Accountants 239 239 239
Auditors, Company Secretaries and Corporate Treasurers 66 66 66
ICT Business and System Analysts 78 78 78
Software and Applications Programmers 310 310 310
Electronics Engineer 50 50 20
Industrial, Mechanical and Production Engineers 108 108 108
Other Engineering Professionals 50 50 50
Computer Network Professionals 65 65 65
Total 1,110 1,110 1,123
Table 6: Points Required by Occupation – 2017-18 Program Year
Occupation Round 1 Round 2 Round 3
189 – Non-Pro Rata 70 70 70
489 Family – Non-Pro Rata 60 60 60
Accountants 75 75 75
Auditors, Company Secretaries and Corporate Treasurers 75 75 75
ICT Business and System Analysts 75 75 70
Software and Applications Programmers 70 70 70
Electronics Engineer 70 70 70
Industrial, Mechanical and Production Engineers 70 70 70
Other Engineering Professionals 70 70 70
Table 7: Waiting Times by Occupation – 2017-18 Program Year
Occupation Round 1 Round 2 Round 3
189 – Non-Pro Rata 4 2 1
489 Family – Non-Pro Rata 0 0 0
Accountants 13 8.6 6.6
Auditors, Company Secretaries and Corporate Treasurers 15.1 11.6 10.1
ICT Business and System Analysts 6 0.1 16.9
Software and Applications Programmers 11.4 4.7 0.7
Electronics Engineer 3.7 1.7 0.6
Industrial, Mechanical and Production Engineers 3.7 1.6 1
Other Engineering Professionals 14 7 4
Computer Network Professionals 14.3 4.1 0.6

Accountants and Auditors

So far this year, 75 points have been required for an invitation as an accountant or auditor.
Waiting times have been reducing but are still over 6 weeks for accountants and over 10 weeks for auditors with a score of 75. Whilst the occupation ceiling has increased significantly for accountants for the 2017-18 year, we expect that the required score will remain at 75 for a few more rounds for these occupations.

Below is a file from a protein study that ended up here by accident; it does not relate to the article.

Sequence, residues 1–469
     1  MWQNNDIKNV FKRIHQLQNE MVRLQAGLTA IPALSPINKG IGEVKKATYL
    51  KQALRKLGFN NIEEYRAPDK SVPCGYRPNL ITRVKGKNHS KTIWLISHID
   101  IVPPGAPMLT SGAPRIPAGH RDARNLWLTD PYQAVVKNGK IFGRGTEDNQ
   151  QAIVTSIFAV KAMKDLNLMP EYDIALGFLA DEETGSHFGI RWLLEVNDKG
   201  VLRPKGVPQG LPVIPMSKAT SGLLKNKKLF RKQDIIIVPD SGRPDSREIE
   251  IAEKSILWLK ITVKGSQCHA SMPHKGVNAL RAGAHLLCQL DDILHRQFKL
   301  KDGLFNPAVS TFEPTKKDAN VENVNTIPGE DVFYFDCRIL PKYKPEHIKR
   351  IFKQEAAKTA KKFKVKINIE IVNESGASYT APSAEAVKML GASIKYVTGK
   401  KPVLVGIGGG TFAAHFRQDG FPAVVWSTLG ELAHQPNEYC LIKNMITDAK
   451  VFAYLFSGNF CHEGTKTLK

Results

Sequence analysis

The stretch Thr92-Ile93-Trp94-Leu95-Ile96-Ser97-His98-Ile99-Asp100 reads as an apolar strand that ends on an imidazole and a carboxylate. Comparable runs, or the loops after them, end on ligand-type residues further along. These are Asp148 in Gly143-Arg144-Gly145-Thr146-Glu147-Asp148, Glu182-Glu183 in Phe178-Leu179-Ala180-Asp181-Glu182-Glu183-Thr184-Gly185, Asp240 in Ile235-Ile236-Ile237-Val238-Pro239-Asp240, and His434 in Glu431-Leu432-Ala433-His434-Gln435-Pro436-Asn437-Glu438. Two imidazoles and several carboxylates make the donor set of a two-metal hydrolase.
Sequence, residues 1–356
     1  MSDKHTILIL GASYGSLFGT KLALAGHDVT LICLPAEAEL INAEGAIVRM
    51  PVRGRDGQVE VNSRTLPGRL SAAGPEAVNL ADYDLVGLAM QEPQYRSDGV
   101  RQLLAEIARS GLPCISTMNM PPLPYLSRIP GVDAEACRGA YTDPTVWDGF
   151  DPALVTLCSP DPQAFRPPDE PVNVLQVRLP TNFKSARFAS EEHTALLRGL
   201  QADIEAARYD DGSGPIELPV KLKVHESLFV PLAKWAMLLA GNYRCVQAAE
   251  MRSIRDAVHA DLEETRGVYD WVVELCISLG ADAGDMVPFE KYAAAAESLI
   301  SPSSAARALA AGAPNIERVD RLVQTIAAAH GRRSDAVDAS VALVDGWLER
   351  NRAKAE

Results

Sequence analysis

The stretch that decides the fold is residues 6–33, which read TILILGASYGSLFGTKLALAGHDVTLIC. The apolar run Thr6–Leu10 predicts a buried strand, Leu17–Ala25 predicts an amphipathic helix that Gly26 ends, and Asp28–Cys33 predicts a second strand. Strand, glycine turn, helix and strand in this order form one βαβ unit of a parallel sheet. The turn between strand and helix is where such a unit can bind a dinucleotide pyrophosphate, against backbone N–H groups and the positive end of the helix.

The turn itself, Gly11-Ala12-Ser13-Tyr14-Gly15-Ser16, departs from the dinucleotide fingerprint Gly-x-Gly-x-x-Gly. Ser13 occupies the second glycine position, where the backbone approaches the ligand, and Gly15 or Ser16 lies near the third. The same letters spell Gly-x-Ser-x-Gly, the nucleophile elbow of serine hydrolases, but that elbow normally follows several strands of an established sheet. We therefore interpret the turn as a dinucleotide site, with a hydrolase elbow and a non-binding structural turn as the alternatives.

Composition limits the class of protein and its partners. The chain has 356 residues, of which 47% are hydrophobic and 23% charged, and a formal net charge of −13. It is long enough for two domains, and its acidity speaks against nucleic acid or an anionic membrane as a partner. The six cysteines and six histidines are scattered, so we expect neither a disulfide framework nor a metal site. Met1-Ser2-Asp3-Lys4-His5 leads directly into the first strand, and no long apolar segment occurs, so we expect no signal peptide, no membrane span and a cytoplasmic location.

IT Professionals

The required score for all IT occupations has been 70 so far this year, apart from ICT Business and System Analysts. For ICT Business and System Analysts, the required score was initially 75 but has reduced to 70 in the latest round.
Waiting times for Software and Applications Programmers and Computer Network Professionals are now under 1 week, so we expect to see the required scores for these occupations drop to 65 in the next round or two.

The occupation of ICT Security Specialist is not on the pro rata list. The ceiling of 2,391 for the occupation is quite generous so it is possible that the occupation may not be pro rata this year.

Engineers

Engineers require 70 points for the first three rounds of 2017-18. In terms of pro rata occupations, waiting times for Electronics Engineers and Industrial, Mechanical and Production Engineers are now under 1 week, so we expect these occupations to reduce to 65 points in the next few rounds.
Other Engineering Professionals still have a waiting time of over 4 weeks, so this occupation may require 70 points for a few more rounds.

State Nomination

State nomination numbers for July 2017 are available. Insights from these are as follows:
ACT: small number of 190 nominations approved.
NSW: large number of 489 nominations approved, but only a small number of 190 nominations. NSW has not yet released its state migration program, so we expect 190 nominations increase in number after this
Northern Territory: nominations for both 190 and 489 visas being issued. Still to update their state migration plan
Queensland: very large number of 190 and 489 nominations being issued
South Australia: large number of 489 nominations being issued compared to 190. Last year, there were about 50% more 190 nominations were issued as compared to 489, so suggests a change in policy by SA
Tasmania: large number of nominations. More 489 than 190 but that is consistent with last year
Victoria: very large number of 190 nominations issued – no 489 nominations.
Western Australia: zero state nominations issued – consistent with WA tightening their program after the recent state election

Table 8: State Nominations by Visa Type and State – July 2017
Visa subclass 190 489
ACT 14 0
NSW 9 63
NT 19 14
Qld 96 26
SA 66 314
Tas. 30 58
Vic. 185 0
WA 0 0
Total 419 475
Posted in GSM

The voice behind the 1980s ‘Grim Reaper’ ads warning Australians about AIDS will be used in new TV ads cautioning the nation over immigration

Entrepreneur Dick Smith is launching a $1 million advertising blitz to convince Australians of the hazards of overpopulation, and why the company tax rate should be drastically hiked.